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|Home: BigScreen Journal - Sony Pictures Schedules First BD-Live Blu-ray Releases for April, Sony to Update PS3 to Support BD-Live|
Sony Pictures has announced that they will be releasing two movies on the Blu-ray high definition disc format in April that will contain BD-Live functionality.
On April 8th, Sony Pictures Home Entertainment will release The 6th Day and Walk Hard: The Dewey Cox Story, with both sporting "exclusive downloadable content" that will not be available on the disc. The feature that enables these downloads is referred to as BD-Live, which has also been known by the moniker Profile 2.0.
BD-Live is not available on any Blu-ray player currently available for sale, and Sony is rectifying that by upgrading its Playstation 3 game console with new firmware by the end of March that will enable BD-Live functionality.
According to the Sony Press Release concerning the BD-Live update to the PS3:
BD Profile 2.0 requires an Internet connection and at least 1GB of local storage. The following features have all been demonstrated as possibilities with BD-Live and will vary by movie title.
- A variety of downloadable content can be offered, including bonus scenes, shorts, trailers, subtitles, ringtones that can be sent to mobile phones, images, and more.
- Interactive movie-based games can pit players who are sitting in the same room, or are across the world and online, against each other.
Online connectivity was a feature that was available on the HD DVD format from day one (two years ago), and it's nice to see that ability come to the Blu-ray format. With the addition of Bonus View features this past Winter (aka Profile 1.1), it's good to finally see parity between the formats (the PS3 was updated in December 2007, just ahead of the January releases that used the Bonus View feature).
That leaves the players. Unless you have a PS3 as your Blu-ray player, you're most likely out of luck when it comes to accessing the BD-Live features on these discs and those that are coming in the future (like Disney's Sleeping Beauty in October). This is why I've been saying that the only Blu-ray player worth buying is the PS3, even though it has its own set of compromises which keep it from being the holy grail of Blu-ray devices.
I expect the BD-Live content on these first two discs to be less than thrilling. As is the case with most new features on new formats, it's going to take some time for the movie studios to leverage the features and make really compelling content using them.
I just watched the HD DVD of The Bourne Ultimatum the other day, and it has the ability to download new content via an Internet connection. As far as I can recall, there is no new content from the day the disc was released, and what is there is an online poll, a featurette about filming the movie in New York City, and a couple of trailers. No mention of the fact that the movie won three Academy Awards. No updated trailers for similar movies coming from Universal Pictures (the studio responsible for the movie). That may have to do with the virtual shut-down of the HD DVD format that's happened in the past two and a half months, but I suspect that the studio wouldn't have done anything regardless.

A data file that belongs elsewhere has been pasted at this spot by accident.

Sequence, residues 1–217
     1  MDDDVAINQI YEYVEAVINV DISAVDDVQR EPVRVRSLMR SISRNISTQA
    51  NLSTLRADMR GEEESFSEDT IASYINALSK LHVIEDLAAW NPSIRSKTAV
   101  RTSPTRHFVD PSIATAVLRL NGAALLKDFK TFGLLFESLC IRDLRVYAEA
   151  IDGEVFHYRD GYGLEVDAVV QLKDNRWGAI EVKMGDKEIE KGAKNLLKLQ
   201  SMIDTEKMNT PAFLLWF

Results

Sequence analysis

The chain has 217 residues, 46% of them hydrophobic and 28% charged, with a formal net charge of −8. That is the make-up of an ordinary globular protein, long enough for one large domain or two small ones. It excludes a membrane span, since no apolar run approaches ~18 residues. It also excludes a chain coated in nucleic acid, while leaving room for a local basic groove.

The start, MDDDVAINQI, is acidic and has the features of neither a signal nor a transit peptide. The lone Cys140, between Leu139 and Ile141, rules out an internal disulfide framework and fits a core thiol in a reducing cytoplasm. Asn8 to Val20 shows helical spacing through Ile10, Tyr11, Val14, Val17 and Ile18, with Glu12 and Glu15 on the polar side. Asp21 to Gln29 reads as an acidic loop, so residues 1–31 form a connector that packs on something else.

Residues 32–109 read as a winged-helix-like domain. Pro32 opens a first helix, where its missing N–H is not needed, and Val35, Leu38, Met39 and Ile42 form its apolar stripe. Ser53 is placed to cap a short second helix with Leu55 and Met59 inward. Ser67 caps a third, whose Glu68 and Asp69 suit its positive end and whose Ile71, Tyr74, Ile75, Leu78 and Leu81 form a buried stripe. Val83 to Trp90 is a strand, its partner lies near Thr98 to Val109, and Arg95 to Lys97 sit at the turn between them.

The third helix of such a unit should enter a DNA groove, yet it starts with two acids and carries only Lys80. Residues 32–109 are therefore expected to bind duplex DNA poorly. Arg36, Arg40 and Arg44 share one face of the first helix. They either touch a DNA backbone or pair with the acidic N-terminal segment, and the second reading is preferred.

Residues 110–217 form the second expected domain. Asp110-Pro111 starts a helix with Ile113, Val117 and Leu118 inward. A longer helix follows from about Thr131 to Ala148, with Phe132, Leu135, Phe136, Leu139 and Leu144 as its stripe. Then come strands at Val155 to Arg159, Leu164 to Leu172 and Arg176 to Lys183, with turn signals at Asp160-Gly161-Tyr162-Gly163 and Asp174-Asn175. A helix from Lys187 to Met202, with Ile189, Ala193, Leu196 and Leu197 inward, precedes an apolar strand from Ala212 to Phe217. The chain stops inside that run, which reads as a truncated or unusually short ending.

Time will tell if the studios find something that catches on with audiences. But if you're going to spend $400+ on a Blu-ray player, don't you want it to have the latest and greatest features? I sure do!
Rumors are circulating that the Panasonic DMP-BD50 will be released around the beginning of April, which is BD-Live and Bonus View capable. Sony will have two players out starting in summer that will be capable of both (perhaps with a firmware upgrade in the case of BD-Live). If the PS3 isn't your style, then I'd suggest holding off on that Blu-ray player purchase until some of these new players hit the market.
Also included in the Playstation 3 firmware update (v2.20):
*1 BD-J format disc is not supported.
*2 BD discs recorded with BDMV format are not supported.
While some may get excited at first glance of the "resume play" feature, the footnote that accompanies it indicates that it will not work with discs in the BD-J format, which is just about every commercial movie released on Blu-ray (if not every single one).
One of the biggest lacking features in the Blu-ray titles I've seen so far has been the omission of a bookmark feature so that you can resume a movie where you stopped watching it. HD DVD's had it, and I understand that some Blu-rays do as well, but I haven't seen one yet that has had it.
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